Job openings in the U.S. climbed in October to a four-month high, indicating the labor market is on the mend.
The number of positions waiting to be filled rose by 128,000 to 3.68 million from a revised 3.55 million the prior month, the Labor Department said today in Washington. Hiring also increased.
The pickup in openings lays the ground for the job growth needed to sustain consumer spending, which accounts for about 70 percent of the economy. At the same time, the lack of stronger employment prospects and a jobless rate that remains elevated help explain why Federal Reserve policy makers, meeting today and tomorrow, are weighing additional easing to spur growth.
“There’s improvement,” Ryan Sweet, a senior economist at Moody’s Analytics Inc. in West Chester, Pennsylvania, said before the report. Even so, “the progress on payrolls is nothing to be excited about,” and “the Fed is taking aim at the high unemployment rate,” he said.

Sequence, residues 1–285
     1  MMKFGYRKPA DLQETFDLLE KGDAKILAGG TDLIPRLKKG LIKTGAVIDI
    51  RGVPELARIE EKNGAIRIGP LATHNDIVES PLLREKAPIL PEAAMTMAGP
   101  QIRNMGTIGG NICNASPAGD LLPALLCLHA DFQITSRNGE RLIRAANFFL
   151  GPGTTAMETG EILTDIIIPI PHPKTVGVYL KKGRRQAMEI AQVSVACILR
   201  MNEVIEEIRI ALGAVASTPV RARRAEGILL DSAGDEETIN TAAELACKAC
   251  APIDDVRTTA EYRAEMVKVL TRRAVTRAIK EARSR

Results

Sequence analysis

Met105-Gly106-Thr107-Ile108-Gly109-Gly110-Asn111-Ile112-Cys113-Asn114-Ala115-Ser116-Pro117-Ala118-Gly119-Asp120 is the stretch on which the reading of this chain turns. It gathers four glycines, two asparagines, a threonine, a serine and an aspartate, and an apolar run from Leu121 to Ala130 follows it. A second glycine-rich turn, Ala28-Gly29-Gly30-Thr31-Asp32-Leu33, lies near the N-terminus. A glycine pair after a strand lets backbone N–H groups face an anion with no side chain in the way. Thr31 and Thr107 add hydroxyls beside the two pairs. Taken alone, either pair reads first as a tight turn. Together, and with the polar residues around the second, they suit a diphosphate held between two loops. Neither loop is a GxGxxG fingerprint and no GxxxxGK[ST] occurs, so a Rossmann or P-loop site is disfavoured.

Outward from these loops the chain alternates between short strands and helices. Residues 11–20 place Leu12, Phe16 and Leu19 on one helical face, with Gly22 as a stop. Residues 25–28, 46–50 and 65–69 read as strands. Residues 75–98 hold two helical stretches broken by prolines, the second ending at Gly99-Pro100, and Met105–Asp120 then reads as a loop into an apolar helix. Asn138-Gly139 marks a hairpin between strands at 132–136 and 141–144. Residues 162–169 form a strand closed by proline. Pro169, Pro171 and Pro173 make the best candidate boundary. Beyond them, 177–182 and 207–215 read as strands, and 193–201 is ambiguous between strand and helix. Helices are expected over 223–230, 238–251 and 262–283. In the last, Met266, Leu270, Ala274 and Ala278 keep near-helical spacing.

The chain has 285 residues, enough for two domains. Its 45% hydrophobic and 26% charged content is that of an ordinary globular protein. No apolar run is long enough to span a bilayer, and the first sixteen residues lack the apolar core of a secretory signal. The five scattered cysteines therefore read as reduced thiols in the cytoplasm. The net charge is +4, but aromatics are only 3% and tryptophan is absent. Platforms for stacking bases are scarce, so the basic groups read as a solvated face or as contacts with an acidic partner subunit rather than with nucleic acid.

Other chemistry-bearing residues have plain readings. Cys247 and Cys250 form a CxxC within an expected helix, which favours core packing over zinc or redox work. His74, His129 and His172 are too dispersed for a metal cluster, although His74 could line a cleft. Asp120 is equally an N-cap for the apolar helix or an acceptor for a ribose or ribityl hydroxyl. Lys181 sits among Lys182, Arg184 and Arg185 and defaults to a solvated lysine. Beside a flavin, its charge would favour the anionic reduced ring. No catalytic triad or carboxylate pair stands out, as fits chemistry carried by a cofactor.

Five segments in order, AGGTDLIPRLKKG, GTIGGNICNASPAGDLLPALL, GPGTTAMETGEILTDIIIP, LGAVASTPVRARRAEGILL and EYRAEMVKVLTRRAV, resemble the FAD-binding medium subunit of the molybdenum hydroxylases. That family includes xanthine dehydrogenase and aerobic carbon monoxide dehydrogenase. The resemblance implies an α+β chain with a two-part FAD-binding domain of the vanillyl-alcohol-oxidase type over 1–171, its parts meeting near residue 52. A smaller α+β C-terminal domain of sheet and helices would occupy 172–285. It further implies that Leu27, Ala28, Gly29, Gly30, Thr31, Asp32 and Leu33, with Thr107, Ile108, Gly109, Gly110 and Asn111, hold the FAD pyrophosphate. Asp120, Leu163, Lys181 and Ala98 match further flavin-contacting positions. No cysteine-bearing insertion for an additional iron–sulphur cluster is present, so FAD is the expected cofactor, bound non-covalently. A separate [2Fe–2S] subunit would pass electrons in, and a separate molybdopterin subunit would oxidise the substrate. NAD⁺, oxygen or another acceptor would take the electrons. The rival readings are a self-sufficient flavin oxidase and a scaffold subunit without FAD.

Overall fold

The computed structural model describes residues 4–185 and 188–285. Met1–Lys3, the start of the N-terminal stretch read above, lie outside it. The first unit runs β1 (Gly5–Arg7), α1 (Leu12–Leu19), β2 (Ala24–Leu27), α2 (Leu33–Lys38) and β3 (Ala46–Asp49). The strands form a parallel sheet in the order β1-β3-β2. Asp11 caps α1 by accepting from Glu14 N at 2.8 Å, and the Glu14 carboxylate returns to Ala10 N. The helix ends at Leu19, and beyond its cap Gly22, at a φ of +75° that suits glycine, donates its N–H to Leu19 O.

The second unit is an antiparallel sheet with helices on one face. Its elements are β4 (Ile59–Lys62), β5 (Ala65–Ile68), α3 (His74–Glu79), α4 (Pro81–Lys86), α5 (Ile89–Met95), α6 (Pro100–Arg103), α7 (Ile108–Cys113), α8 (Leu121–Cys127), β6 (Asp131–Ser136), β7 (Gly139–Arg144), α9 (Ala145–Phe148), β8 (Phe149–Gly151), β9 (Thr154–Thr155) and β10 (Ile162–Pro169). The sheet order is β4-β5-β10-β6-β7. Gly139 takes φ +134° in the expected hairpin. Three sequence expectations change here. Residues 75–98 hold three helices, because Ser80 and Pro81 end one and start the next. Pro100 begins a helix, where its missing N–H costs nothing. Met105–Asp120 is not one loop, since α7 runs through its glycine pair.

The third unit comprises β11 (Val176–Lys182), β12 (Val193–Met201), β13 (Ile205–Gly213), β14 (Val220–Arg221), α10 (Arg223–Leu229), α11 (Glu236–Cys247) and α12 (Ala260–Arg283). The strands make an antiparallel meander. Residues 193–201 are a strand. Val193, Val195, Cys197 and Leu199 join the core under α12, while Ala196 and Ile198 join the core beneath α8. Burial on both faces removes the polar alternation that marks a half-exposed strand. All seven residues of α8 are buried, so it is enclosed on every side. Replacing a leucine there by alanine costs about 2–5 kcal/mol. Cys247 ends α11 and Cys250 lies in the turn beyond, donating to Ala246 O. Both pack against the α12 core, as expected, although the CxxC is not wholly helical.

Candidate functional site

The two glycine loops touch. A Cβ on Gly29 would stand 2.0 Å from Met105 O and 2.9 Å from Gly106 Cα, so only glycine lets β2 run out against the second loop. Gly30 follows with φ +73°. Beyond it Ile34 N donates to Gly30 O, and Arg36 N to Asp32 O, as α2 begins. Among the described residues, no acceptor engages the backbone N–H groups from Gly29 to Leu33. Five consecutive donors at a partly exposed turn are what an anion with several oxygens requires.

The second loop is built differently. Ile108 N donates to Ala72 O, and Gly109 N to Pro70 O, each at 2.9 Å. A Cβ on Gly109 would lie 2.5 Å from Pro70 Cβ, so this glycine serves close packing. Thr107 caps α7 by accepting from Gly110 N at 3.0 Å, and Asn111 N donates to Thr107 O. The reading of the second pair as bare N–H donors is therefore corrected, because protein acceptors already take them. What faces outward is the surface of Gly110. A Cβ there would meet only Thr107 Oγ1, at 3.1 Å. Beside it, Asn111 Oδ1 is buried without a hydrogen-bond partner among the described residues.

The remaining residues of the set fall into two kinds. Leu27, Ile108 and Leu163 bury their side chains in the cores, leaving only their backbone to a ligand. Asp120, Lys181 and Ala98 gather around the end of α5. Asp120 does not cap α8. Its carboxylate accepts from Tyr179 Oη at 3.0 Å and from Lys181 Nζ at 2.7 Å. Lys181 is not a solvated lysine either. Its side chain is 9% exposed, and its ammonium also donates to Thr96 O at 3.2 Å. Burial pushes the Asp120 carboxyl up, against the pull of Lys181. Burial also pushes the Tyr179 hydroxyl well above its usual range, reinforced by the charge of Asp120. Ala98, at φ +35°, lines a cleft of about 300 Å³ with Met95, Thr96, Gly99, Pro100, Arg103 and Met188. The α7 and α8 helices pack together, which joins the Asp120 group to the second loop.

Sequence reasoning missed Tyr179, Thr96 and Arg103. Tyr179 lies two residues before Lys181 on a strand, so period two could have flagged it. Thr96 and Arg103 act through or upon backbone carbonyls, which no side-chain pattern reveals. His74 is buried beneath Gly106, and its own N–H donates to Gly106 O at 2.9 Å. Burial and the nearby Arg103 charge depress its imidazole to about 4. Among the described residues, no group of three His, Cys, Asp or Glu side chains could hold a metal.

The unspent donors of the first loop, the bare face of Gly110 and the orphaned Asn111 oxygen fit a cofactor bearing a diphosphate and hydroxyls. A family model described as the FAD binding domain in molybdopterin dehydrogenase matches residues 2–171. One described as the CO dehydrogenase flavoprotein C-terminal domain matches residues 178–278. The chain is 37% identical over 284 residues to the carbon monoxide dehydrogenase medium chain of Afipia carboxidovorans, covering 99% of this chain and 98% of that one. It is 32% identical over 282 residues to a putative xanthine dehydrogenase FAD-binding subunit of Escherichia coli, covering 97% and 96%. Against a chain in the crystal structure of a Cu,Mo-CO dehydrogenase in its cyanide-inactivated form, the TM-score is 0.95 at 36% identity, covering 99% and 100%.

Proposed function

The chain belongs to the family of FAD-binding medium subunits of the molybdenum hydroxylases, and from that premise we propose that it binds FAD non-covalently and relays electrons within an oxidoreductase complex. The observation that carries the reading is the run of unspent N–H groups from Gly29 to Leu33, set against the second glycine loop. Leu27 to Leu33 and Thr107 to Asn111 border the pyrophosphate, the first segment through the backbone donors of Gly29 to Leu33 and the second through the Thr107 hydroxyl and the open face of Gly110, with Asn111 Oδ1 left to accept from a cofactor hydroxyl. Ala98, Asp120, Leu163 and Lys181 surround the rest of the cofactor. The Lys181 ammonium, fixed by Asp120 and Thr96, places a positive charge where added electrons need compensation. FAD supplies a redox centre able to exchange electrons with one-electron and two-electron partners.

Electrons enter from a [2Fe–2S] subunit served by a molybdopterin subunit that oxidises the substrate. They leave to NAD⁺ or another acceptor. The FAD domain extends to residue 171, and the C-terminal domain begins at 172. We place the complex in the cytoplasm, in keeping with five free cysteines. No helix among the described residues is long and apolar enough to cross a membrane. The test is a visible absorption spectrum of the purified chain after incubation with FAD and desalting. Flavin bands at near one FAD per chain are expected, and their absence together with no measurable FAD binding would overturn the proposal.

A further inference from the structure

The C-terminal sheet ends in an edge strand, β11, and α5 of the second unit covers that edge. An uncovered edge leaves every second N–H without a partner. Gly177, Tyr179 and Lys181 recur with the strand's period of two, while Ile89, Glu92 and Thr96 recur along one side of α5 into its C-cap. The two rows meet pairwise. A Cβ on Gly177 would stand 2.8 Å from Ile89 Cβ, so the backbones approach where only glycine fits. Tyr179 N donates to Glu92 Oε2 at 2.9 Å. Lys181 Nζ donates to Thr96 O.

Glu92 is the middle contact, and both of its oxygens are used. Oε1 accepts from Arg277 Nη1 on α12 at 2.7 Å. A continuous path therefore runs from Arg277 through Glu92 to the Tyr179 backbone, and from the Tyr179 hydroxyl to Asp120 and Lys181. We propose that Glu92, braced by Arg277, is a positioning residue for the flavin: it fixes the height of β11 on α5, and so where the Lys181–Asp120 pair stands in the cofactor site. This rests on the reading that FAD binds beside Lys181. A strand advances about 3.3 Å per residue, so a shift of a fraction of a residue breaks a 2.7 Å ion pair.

Today’s report helps shed light on the dynamics behind the monthly employment figures.
The job market withstood the impact of superstorm Sandy last month, Labor Department figures showed on Dec. 7. Payrolls rose by 146,000 in November following a revised 138,000 in October that was less than initially estimated. The median estimate of economists in a Bloomberg survey called for an 85,000 advance. Private payrolls, which exclude government agencies, grew by 147,000 after a revised gain of 189,000.
The jobless rate dropped to 7.7 percent from 7.9 percent, reflecting a pickup in the number of people leaving the labor force, the Labor Department also reported last week.
Today’s report showed job openings in the Northeast were up 8,000 in October, while hiring dropped 101,000. Superstorm Sandy swept ashore in the region on Oct. 29.
In the U.S., the number of people hired rose to 4.34 million in October, pushing up the hiring rate to 3.2 percent from 3.1 percent, today’s report showed.